This photo illustration of the kind of signage envisioned for the Roland Park Shopping Center was shown to the Roland Park Civic League on Aug. 4.
This photo illustration of the kind of signage envisioned for the Roland Park Shopping Center was shown to the Roland Park Civic League on Aug. 4. (Photo courtesy of Foreman Wolf)

Plans to renovate the historic Roland Park Shopping Center could reach Baltimore's preservation board next month.

Planners are trying to get on the agenda of the Commission for Historical and Architectural Preservation, or CHAP, for its Sept. 13 meeting, said project architect Vincent Greene, whose office is located in the center, 4800 Roland Ave.


Greene and a team that included two representatives of the Foreman-Wolf restaurant group presented renovation plans to the Roland Park Civic League on Aug. 4.

Renovations would be in keeping with "the original intent" of the center as built in the early 1900s and would preserve the center's "historical integrity," presenters told the league.

Restaurateur Tony Foreman of Roland Park and chef Cindy Wolf, who are already anchors of the center with their Petit Louis bistro, plan to open a second restaurant there, but at a lower price point.

Also planned is a six-foot-tall sign at the center entrance, to list the center's tenants. Size-wise, it would be the first sign of any consequence on Roland Avenue between West Cold Spring Lane and the private schools to the north, according to civic league president Phil Spevak.

The sign wouldn't state the center's name, just the address number, with smaller signs for each tenant below it. There is no sign identifying the center except a historical marker.

The point of the sign is to "keep it subtle, but identifiable," Allison Parker-Abromitis, vice president of development and communication for Foreman-Wolf, told the league.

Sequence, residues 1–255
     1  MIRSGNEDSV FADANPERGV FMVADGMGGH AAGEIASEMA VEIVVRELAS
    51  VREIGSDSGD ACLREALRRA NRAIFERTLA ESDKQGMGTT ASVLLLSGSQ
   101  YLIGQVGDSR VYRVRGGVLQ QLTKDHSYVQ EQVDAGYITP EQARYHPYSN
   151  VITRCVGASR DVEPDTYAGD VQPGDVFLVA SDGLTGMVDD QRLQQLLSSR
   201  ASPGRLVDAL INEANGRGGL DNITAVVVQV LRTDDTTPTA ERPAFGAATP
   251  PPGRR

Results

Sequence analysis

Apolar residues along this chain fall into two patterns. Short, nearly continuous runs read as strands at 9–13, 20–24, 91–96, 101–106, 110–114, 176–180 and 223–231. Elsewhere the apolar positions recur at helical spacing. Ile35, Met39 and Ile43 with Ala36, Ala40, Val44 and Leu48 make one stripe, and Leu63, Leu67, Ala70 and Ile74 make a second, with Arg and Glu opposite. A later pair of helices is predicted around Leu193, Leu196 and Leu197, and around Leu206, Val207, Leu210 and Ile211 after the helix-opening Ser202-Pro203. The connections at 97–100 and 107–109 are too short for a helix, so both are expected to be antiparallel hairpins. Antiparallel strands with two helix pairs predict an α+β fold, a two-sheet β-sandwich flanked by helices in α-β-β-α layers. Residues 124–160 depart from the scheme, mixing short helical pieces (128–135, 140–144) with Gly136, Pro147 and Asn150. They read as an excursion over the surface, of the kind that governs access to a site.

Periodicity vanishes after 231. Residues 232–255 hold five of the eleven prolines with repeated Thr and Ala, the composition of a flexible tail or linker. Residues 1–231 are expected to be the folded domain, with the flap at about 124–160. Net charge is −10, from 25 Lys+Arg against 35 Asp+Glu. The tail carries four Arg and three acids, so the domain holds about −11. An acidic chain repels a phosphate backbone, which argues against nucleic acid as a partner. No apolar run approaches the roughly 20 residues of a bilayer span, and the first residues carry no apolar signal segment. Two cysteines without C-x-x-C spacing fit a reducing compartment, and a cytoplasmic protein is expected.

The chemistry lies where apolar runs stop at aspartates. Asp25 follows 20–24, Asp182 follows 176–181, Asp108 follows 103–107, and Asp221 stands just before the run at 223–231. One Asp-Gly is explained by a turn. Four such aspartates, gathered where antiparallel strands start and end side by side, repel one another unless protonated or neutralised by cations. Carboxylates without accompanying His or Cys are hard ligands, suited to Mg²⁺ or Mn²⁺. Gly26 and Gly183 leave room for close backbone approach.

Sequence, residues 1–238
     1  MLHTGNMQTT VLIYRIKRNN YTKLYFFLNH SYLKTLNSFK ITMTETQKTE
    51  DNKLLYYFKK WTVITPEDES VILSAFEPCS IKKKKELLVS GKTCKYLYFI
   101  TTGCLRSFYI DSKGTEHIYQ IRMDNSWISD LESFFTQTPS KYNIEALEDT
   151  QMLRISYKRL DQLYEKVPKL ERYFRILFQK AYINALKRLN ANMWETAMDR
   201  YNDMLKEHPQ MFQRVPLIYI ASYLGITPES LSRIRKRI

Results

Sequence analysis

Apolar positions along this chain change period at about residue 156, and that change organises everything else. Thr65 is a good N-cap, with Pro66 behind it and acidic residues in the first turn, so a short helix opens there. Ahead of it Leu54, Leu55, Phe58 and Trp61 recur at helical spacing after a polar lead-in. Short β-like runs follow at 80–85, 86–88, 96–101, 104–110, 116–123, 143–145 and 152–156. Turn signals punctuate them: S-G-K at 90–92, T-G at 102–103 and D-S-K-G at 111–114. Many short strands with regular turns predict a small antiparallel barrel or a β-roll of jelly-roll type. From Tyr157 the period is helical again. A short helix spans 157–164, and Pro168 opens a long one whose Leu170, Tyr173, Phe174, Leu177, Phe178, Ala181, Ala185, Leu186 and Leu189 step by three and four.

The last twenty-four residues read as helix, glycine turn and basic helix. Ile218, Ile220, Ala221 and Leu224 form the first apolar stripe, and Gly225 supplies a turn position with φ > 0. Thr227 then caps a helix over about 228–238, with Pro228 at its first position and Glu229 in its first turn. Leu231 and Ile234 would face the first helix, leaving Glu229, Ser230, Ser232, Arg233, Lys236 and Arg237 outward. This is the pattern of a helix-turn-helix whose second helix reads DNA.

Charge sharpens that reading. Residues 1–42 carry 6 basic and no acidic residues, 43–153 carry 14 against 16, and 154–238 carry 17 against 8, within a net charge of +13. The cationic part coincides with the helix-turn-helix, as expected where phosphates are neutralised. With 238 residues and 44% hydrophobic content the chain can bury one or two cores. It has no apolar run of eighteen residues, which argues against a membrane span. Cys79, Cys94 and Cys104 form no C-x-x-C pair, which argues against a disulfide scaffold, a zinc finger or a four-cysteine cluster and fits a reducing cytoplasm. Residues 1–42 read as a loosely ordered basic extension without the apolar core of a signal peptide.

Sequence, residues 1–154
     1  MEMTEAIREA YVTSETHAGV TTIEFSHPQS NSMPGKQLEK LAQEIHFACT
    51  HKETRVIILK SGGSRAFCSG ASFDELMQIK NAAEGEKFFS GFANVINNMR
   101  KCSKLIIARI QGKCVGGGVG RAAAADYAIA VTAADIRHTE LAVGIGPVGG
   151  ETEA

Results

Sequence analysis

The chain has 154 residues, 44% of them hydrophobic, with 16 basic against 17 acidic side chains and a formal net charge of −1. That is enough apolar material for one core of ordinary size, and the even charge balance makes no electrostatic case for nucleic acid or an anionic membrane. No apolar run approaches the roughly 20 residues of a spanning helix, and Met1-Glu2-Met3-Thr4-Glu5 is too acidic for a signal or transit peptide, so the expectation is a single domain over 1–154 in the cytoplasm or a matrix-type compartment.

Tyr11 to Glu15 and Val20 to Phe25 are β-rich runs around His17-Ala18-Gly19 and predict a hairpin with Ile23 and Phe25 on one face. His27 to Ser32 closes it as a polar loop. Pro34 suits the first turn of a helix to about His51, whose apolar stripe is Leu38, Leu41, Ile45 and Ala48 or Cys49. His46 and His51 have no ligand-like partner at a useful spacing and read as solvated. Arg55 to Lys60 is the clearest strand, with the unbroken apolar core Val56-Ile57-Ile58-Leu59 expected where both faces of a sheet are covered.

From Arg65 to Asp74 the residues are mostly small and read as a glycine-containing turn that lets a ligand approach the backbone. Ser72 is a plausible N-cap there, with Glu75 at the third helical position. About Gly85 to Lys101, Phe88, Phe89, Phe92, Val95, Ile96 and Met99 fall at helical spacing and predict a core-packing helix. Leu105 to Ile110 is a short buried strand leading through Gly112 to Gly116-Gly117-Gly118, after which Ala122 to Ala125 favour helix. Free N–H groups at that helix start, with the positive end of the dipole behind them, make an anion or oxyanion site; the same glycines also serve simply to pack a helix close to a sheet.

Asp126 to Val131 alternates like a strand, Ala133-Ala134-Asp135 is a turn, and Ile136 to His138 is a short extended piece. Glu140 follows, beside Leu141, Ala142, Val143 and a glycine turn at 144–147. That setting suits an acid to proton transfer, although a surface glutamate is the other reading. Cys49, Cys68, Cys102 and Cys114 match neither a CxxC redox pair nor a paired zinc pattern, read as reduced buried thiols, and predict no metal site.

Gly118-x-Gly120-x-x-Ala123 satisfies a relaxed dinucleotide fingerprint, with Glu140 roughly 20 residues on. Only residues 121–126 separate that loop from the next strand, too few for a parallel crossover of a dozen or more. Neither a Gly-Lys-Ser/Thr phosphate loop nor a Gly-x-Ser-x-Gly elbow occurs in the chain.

The league must approve the signage, which is regulated by community covenants.

Members of the civic league were receptive to the proposed sign, though board member David Blumberg suggested two signs might be better, "so people don't have to look back as they're driving and say, 'What was that (address) number?"

Renovations in the center would include lighting upgrades, designed to make the center safer, cleaner and brighter, the presenters said.

Some light bulbs are currently screwed into bare sockets in the eaves, they said.

Also being considered are sidewalk improvements, so that people could walk on the sidewalk into the center, without having to walk through the parking lot, which is dangerous, Greene said.

The renovations are part of big changes and turnover at the center, which is believed to be the oldest in the nation.

Longtime center owners Jim Ward and his daughter, Tricia, are negotiating with the restaurant group to open the second restaurant in the space where Roland Park Bakery and Deli was located for 27 years.

Anita Ward, owner of the bakery/deli and the aunt of Tricia Ward, moved the bakery/deli to Hampden earlier this year.


A tenant of note that is due to open in the center this month is the clothier Eddie Jacobs, Ltd., which was downtown for 72 years.